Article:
• The money I put into a FSA each year is pre-tax, as are my health insurance premiums. I didn’t include tax savings in either of those numbers. I would definitely put more money into the HSA than I would a FSA since it rolls over. Right now, I have savings set aside to cover the difference between my FSA and stop-loss amount for the plan year.

      Hmmm. I don’t think that extra tax savings would make the HSA make more sense with my projected spending though since the deductible is $500 higher and the stop-loss amount $1,000 higher than with the CDHP.

      I’ll update the numbers to reflect the actual post-tax amount and post about that tomorrow.

  2. My work only offers a HDHP with an HSA and it works out really well for us. It ends up being a lot of paperwork, but that is my only complaint.

    With this plan I actually see our Dr bills (with previous health plans I never saw the bills). It is very frightening how much everything costs. Makes me very thankful to have a job that provides any health insurance!

    • I actually saw the doctor bills back when I was on an HMO plan and I still see them. I can’t believe how much everything actually costs!

      I really like the idea of the HDHP with an HSA, but I’m not going to do it when it is the more expensive option.

  3. NoTrustFund and SA, what HSA company does your employers offer?

    Do they have good investment options to invest your HSA contributions (example options)? Are there high fees to be aware of?

    • Interesting food for thought, Pam. I actually know nothing about the company offering our HSA. I think I’m going to stick with the CHDP for this year with the lower deductible, so then next year, I can ask colleagues about their experiences with the new plan :)

      If there are high fees, it might not be worth it.

      • Pam, I can’t remember the name off the top of my head. I think we do have the option to invest it, but I choose to keep this money in cash as we end up using most of the money every year to pay for medical expenses. Maybe once our medical expenses go down I will rethink what we do with the money in the HSA. Having two little ones, especially with their deliveries, ends up being expensive!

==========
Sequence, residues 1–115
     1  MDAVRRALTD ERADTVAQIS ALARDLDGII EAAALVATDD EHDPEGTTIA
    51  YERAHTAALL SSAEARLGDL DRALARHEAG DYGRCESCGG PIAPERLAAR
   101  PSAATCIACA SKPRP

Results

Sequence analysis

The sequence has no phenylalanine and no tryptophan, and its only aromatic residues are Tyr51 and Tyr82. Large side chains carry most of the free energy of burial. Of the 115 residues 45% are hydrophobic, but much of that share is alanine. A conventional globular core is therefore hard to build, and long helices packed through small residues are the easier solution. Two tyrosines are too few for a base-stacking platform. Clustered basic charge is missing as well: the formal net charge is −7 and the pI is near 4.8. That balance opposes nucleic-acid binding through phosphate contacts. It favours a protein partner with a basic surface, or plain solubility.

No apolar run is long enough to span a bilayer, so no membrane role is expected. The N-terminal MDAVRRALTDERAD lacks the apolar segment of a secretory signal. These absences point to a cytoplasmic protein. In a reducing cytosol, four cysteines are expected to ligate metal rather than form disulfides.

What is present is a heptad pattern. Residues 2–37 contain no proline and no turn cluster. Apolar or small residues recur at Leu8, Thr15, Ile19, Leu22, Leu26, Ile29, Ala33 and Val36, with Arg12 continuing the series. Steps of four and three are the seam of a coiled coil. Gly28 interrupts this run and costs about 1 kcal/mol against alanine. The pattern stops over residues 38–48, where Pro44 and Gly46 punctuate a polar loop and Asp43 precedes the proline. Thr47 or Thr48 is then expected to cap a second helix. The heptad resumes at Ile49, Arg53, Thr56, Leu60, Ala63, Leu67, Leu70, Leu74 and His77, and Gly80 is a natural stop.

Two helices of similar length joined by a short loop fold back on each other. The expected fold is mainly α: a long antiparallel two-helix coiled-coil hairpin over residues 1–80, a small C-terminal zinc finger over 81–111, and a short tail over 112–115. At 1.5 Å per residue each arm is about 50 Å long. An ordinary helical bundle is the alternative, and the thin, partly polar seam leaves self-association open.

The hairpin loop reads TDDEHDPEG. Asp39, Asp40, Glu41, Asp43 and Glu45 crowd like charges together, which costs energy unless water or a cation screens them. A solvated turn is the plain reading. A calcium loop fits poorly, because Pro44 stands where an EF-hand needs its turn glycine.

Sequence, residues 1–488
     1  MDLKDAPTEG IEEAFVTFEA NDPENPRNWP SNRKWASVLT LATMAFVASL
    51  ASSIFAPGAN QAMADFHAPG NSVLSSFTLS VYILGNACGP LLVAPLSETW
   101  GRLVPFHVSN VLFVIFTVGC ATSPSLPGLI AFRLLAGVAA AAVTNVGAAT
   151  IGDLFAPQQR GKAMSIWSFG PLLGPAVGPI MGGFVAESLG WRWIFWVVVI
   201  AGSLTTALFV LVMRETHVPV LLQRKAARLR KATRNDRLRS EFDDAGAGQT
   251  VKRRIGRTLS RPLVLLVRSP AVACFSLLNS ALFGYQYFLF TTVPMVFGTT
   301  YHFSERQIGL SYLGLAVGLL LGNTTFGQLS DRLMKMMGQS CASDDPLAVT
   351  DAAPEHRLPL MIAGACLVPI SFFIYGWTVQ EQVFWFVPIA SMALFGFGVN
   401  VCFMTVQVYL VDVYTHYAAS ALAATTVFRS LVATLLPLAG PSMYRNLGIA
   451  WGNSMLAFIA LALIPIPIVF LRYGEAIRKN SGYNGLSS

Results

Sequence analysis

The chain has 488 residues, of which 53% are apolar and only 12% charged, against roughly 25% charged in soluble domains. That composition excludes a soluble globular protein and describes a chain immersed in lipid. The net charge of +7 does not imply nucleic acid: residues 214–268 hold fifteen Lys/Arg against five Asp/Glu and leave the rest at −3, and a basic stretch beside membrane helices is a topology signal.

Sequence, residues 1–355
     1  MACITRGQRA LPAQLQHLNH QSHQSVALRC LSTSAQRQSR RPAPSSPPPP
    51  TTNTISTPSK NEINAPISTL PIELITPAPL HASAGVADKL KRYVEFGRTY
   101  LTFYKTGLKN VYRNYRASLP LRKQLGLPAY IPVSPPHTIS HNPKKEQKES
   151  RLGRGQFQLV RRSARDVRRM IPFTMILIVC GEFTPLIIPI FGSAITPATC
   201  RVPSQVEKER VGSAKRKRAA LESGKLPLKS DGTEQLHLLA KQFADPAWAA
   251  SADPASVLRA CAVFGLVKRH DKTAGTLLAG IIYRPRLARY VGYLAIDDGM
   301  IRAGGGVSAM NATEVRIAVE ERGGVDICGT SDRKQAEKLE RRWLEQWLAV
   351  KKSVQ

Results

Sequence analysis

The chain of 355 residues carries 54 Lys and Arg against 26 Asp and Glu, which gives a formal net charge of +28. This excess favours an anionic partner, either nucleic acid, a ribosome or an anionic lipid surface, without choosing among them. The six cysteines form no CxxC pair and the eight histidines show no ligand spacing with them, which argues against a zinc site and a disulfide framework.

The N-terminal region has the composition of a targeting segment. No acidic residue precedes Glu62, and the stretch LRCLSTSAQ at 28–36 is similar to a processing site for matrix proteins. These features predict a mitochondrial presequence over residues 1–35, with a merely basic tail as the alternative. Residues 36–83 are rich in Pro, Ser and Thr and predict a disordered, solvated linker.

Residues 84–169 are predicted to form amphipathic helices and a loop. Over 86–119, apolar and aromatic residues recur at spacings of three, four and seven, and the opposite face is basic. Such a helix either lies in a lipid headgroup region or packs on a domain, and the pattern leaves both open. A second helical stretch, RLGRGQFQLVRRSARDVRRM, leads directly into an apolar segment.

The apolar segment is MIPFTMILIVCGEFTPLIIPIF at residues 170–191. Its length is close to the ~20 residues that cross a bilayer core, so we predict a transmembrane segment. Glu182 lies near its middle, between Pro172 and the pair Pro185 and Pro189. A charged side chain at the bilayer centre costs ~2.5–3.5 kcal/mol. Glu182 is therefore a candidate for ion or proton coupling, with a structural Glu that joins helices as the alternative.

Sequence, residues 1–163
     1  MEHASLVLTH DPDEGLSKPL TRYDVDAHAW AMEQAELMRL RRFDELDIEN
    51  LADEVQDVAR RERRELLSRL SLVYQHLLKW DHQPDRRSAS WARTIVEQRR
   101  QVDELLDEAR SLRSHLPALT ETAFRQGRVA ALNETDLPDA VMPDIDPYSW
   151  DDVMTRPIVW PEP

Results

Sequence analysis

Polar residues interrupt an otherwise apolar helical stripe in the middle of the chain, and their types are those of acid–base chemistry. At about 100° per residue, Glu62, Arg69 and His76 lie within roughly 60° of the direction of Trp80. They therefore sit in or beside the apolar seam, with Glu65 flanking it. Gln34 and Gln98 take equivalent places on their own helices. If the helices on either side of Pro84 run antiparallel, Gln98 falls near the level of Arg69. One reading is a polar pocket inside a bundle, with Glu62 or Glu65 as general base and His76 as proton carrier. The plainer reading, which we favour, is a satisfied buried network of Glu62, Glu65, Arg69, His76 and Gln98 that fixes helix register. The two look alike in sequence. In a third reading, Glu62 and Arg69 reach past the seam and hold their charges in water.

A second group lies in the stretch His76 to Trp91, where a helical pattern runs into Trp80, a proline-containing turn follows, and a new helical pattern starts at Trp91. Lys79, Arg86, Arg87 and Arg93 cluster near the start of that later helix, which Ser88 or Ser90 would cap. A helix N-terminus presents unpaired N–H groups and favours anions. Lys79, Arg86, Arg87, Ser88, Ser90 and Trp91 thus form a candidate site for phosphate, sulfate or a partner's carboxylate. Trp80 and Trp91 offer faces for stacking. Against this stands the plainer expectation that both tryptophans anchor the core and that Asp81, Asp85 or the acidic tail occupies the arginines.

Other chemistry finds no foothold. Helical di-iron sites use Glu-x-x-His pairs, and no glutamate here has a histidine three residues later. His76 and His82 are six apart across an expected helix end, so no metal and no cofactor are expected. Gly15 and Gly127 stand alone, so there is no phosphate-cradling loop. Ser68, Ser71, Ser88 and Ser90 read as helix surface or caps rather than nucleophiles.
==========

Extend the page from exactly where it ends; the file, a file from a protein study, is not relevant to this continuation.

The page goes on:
4. Leigh,

    I think the key benefit of HSA is tax deferred growth for any future medical expenditures. You can pay for medical expenses this year out of pocket from your savings and avoid dipping into HSA account. That is where benefit of HSA comes into play.

    In 2013, taxes will increase due to Bush tax reduction laws expiring. Having at least some funds deferred on pre-tax basis will help. Sure, you also get the same benefit with FSA, but those are use it or lose it. With HSA, the funds you contribute are yours to keep (less any investment losses depending on what investment options you choose).

    • Hmmm, that’s an interesting way to look at it, Pam.

      From what I can see off the internet, the investment options available in the HSA my employer is offering really suck – all of the expense ratios are over 1% and many have load fees. I’m trying to get some more information out of our benefits department on that.

      I’m going to keep thinking on this one, but I may end up just going with the CDHP again.

    • Pam, that is a great way to look at it. However, I prefer to pay the expenses out of pocket. I see how it could be a tax savings. I’ll have to look into our investment options more closely. Especially with the tax changes coming up!

  5. I just have a medical HMO and dental PPO. Medical PPO is too expensive and not necessary for me. Everyone pays like $8/week for dental and $11/week for medical. This hasn’t gone up the past few years – employer has absorbed the increases since I started working there. Maybe I just have a really good employer. I’m not very familiar with the other types of plans you referenced. It might be that because the majority of our work force is rank and file minimum wage, that a HDHP or CDHP would not fly for employee morale? It might also be that the insurance brokers make more off HMO…I don’t know?

    • I only have one dental plan, which is super cheap ($5/month). My medical HMO option would be around $60/month, but the CDHP and HDHP options are closer to $20/month. Our HMO monthly premium keeps going up a bit each year, but the other plans have stayed at the same premium cost.

      I think that HMO plans are easier for budgeting. You know that you pay $X/month and $Y each time you go see a doctor. With the CDHP and HDHP plans, it is far more complicated, but it definitely works out cheaper for me overall since I am prepared for the deductible costs.